All art is strange, disquieting.

Read Twain’s The Adventures of Huckleberry Finn.  Or attend a performance of Shakespeare’s King Lear.  These are idiosyncratic creations to the extreme.  Nothing else quite like them, even works by the same author.

Or take a look at the Wilton Diptych (1395-1399).

If you’re not an expert in the visual arts, if you’re simply an admirer, it’s easy enough to develop a sense of art history that leaves you familiar with a great many works by a great many artists. Images of Michelangelo’s David and Leonardo’s Last Supper, for instance, add richness to your life with their beauty and rightness.

But how often do you focus on them as something other than pretty pictures, other than pleasing objects?  Think about it: David’s seventeen feet tall!  And something extraordinary and very complex is going on in that Last Supper.

The same is true with the Wilton Diptych.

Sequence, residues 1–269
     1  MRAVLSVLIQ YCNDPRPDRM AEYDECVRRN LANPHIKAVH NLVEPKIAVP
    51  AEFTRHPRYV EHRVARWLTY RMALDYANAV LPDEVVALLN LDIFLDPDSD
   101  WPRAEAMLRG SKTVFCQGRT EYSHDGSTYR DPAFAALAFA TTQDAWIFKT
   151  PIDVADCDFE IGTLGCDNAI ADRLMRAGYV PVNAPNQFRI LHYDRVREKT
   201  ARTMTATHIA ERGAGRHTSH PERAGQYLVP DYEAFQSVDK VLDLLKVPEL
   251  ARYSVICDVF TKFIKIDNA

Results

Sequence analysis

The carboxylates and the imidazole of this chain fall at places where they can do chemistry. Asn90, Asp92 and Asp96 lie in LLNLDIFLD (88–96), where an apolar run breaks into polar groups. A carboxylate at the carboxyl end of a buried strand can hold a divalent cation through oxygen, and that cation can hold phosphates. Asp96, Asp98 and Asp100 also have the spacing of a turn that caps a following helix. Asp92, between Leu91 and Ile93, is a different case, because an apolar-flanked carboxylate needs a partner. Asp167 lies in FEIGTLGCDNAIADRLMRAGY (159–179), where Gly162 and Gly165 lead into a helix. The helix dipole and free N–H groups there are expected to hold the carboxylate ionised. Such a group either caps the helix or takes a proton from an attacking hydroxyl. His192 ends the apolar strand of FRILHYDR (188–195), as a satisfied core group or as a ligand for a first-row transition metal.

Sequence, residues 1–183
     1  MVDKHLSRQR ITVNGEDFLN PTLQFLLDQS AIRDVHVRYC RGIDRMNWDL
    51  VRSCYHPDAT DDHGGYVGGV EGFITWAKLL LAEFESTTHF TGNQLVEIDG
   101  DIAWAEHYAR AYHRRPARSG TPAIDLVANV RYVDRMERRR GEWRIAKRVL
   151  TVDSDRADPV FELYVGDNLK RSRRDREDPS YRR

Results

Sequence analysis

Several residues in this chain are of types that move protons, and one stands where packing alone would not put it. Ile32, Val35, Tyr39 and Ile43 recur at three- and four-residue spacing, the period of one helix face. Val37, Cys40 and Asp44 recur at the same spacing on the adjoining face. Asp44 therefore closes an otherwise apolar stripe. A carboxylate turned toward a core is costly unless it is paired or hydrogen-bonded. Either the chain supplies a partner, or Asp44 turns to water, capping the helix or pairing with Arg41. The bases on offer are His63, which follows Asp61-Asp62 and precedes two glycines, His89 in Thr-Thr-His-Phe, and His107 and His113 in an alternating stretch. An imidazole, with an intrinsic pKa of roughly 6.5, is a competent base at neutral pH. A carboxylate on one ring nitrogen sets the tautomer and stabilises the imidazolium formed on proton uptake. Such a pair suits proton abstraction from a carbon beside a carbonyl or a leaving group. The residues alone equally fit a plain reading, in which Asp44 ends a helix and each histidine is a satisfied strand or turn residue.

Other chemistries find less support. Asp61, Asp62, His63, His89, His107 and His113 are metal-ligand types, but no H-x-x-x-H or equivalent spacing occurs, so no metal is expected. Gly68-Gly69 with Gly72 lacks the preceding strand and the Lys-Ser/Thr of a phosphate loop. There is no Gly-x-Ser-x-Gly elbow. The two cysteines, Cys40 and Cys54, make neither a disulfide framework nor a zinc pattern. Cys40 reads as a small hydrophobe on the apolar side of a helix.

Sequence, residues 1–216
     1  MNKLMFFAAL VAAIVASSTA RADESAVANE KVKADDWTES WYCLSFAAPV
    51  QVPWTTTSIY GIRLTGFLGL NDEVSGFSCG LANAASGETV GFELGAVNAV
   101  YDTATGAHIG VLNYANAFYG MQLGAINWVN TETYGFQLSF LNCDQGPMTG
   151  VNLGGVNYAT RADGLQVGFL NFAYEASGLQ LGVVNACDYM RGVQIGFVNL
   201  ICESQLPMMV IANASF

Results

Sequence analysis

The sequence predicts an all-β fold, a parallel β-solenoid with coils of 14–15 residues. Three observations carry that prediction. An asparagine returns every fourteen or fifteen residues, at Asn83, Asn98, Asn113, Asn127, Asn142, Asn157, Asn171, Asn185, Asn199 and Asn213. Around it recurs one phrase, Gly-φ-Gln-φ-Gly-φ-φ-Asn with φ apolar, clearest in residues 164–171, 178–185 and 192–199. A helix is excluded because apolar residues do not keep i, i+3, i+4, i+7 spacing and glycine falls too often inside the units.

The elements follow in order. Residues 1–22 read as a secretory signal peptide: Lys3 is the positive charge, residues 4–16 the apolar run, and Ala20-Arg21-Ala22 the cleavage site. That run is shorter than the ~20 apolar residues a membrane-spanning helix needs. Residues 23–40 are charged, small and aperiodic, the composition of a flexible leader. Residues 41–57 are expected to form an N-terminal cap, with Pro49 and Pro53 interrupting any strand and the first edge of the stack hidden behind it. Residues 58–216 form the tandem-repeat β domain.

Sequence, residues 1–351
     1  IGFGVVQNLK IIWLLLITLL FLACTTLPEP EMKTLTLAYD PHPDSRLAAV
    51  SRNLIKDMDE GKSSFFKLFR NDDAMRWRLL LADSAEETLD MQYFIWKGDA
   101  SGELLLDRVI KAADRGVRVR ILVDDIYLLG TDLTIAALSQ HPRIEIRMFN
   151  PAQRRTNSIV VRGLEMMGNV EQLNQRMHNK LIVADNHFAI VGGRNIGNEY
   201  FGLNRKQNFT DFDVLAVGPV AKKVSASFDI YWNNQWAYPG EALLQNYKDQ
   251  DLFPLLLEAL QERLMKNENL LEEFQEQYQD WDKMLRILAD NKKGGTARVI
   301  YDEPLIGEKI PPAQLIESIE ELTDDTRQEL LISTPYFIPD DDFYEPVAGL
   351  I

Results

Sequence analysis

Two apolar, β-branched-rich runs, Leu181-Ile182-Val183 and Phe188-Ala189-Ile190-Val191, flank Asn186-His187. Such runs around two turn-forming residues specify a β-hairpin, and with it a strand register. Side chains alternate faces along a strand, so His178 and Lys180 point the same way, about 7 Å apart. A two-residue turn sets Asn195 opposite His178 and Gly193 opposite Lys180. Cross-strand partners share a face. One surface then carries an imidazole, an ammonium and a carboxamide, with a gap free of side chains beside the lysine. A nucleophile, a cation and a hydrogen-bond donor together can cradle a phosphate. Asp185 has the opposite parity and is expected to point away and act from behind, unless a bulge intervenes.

A sad story

As its subtitle indicates, Dillian Gordon’s The Wilton Diptych: Making & Meaning looks at how this portable altar piece, made up of two hinged panels painted on both sides — “one of the most beautiful paintings every made” — was fashioned for the ill-starred English King Richard II.

How ill-starred?  Richard suddenly became king at the tender age of 10.  He didn’t seem to have had a good idea of how to reign, or maybe he didn’t have the right advisers. His beloved wife Anne died.

Then, at 33, shortly after the Wilton Diptych was painted, he was deposed by Henry Bolingbroke (Henry IV) who put the former monarch in a castle where, four months later, he died — apparently, starved to death.

It’s a sad story that, in a way, is embedded in the artwork, which gets to the “meaning” part of Gordon’s subtitle.


The diptych